Electrochemical performance and reaction mechanism investigation of V2O5 positive electrode material for aqueous rechargeable zinc batteries†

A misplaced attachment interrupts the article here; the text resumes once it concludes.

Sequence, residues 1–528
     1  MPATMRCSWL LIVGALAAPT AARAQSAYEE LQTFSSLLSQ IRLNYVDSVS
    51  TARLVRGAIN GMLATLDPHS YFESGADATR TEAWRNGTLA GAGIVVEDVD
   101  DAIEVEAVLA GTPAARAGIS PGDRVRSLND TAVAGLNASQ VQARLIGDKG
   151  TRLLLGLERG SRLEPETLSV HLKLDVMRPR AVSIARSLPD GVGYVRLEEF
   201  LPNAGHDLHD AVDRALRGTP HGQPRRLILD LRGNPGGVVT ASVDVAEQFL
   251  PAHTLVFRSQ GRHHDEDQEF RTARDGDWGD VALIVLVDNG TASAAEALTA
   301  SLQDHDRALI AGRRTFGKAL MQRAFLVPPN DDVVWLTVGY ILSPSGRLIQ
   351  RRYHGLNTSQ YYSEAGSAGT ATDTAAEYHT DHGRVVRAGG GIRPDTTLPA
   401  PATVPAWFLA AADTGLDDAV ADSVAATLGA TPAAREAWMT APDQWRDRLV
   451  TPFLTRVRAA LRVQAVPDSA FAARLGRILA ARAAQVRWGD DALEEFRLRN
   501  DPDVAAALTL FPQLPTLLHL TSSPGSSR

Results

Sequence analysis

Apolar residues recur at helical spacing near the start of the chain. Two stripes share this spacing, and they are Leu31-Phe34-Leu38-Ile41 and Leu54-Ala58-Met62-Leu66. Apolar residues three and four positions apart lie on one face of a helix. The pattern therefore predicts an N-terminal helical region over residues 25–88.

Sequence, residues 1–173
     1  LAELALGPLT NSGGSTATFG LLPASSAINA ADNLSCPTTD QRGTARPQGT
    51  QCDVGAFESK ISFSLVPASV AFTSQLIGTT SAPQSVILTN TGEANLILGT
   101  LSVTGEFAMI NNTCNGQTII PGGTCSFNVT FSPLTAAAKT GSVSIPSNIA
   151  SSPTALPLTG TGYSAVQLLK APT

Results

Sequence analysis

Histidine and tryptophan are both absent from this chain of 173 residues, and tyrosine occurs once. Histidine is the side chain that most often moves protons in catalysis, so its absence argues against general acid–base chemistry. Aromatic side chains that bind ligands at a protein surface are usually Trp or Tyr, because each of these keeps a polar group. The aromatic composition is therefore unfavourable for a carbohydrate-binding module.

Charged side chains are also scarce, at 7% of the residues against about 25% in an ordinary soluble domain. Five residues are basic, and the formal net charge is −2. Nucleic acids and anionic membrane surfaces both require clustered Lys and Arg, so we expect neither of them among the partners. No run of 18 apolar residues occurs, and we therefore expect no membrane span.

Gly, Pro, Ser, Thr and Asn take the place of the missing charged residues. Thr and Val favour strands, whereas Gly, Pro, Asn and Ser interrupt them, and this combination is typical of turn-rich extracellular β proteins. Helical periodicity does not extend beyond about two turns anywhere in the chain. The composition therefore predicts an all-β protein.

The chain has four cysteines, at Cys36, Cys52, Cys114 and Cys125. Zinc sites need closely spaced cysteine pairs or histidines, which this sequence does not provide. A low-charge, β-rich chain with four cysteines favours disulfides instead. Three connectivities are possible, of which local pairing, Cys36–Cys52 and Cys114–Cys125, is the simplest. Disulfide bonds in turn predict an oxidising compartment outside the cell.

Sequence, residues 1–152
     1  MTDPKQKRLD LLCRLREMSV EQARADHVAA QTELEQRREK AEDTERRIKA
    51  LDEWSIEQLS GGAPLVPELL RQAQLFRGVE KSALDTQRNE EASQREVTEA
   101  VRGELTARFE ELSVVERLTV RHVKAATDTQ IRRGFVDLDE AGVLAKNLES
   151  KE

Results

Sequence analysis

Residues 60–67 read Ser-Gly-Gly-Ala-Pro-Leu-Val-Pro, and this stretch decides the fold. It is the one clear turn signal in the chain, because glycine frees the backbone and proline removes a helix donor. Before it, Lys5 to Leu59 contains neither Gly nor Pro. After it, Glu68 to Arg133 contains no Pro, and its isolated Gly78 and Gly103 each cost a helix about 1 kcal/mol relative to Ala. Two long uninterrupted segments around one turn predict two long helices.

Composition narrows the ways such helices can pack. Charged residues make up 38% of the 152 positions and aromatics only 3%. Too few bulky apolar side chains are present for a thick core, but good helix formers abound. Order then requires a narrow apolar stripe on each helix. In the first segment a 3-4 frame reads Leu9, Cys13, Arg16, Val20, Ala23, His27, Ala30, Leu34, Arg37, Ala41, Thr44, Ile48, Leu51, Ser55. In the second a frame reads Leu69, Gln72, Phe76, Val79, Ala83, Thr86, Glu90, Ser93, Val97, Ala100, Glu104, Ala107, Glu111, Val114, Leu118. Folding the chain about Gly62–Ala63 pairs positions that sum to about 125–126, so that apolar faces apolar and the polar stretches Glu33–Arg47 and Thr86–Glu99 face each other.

The electrochemical performance and reaction mechanism of orthorhombic V2O5 in 1 M ZnSO4 aqueous electrolyte are investigated. V2O5 nanowires exhibit an initial discharge and charge capacity of 277 and 432 mA h g−1, respectively, at a current density of 50 mA g−1. The material undergoes quick capacity fading during cycling under both low (50 mA g−1) and high (200 mA g−1) currents. V2O5 can deliver a higher discharge capacity at 200 mA g−1 than that at 50 mA g−1 after 10 cycles, which could be attributed to a different type of activation process under both current densities and distinct degrees of side reactions (parasitic reactions). Cyclic voltammetry shows several successive redox peaks during Zn ion insertion and deinsertion. In operando synchrotron diffraction reveals that V2O5 undergoes a solid solution and two-phase reaction during the 1st cycle, accompanied by the formation/decomposition of byproducts Zn3(OH)2V2O7·2(H2O) and ZnSO4Zn3(OH)6·5H2O. In the 2nd insertion process, V2O5 goes through the same two-phase reaction as that in the 1st cycle, with the formation of the byproduct ZnSO4Zn3(OH)6·5H2O. The reduction/oxidation of vanadium is confirmed by in operando X-ray absorption spectroscopy. Furthermore, Raman, TEM, and X-ray photoelectron spectroscopy (XPS) confirm the byproduct formation and the reversible Zn ion insertion/deinsertion in the V2O5.